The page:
but what annoys me more than anything? people who fly across the country in private jets to give speeches and raise awareness of global warming. people who throw $1000 / plate dinners to raise awareness on hunger, rather than just buying food for the homeless or volunteering at a food kitchen. celebrities who host telethons and ask the working-class to give money for whatever cause, while they hold onto their millions.
please, only make me aware of something by setting an example, not telling me what i should do.
Wednesday, August 30, 2006, 1:00 PM
charity by itself is NOT the best solution to social problems
I disagree. Firstly, I think being aware of something is actually *extremely* important of itself and has an impact in itself (for example you communicate your awareness, you lend your empathy to a victim/cause, and you vote). Moreover, I think charity can unintentionally do more harm than good when it comes to social/environmental/global problems. These are of a scale where changes are required in legislation and in policy. Charity often gives governments an excuse to shirk their responsibilities and do nothing. These acts offer a band-aid solution to haemorraging problems, and ones that could have been prevented at the outset.
Boycotting all charity is futile, because it is doubtful such a strategy would by itself force a government's hand (for that we'd have to organize everyone who contributes charitably, no matter how minor the scale, to march on their govt HQs or undertake civil disobedience, and even then I think we would fail). But it is a fact that expansion of the voluntary sector has made destruction in the public sector easier to accomplish, to the extent that these days many people have no choice but to do things that should be a government's responsibility.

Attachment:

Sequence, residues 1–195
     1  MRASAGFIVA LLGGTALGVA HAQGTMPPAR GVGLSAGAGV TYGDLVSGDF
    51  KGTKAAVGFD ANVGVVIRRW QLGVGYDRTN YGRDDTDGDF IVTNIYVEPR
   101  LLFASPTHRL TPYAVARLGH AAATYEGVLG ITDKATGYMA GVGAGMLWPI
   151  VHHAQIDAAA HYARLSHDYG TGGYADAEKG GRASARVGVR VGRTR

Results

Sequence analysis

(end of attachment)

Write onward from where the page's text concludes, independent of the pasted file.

Thankfully, there remains *some* political pressure on governments to address hardship, and increasing this is the key. To shun political activism and awareness campaigns in favour of rattling a tin is to miss an opportunity.
For example, it's all very well to help an Afghan refugee, and it is definitely a great thing to do. But a refugee is a refugee is a refugee. Wouldn't it have been a million times better for taxpayers/voters en masse to say something when America was busy training and funding the militias that became the Taliban, as a PROVOCATIVE measure against the USSR into war in Afghanistan? In order for a country to adopt an ethical foreign policy, its people need to voice their desire for it, and in order for that to happen, awareness of what is happening and consideration of the consequences is the absolute key.
Interview with Zbigniew Brzezinski from Le Nouvel Observateur
January 15-21, 1998, p. 76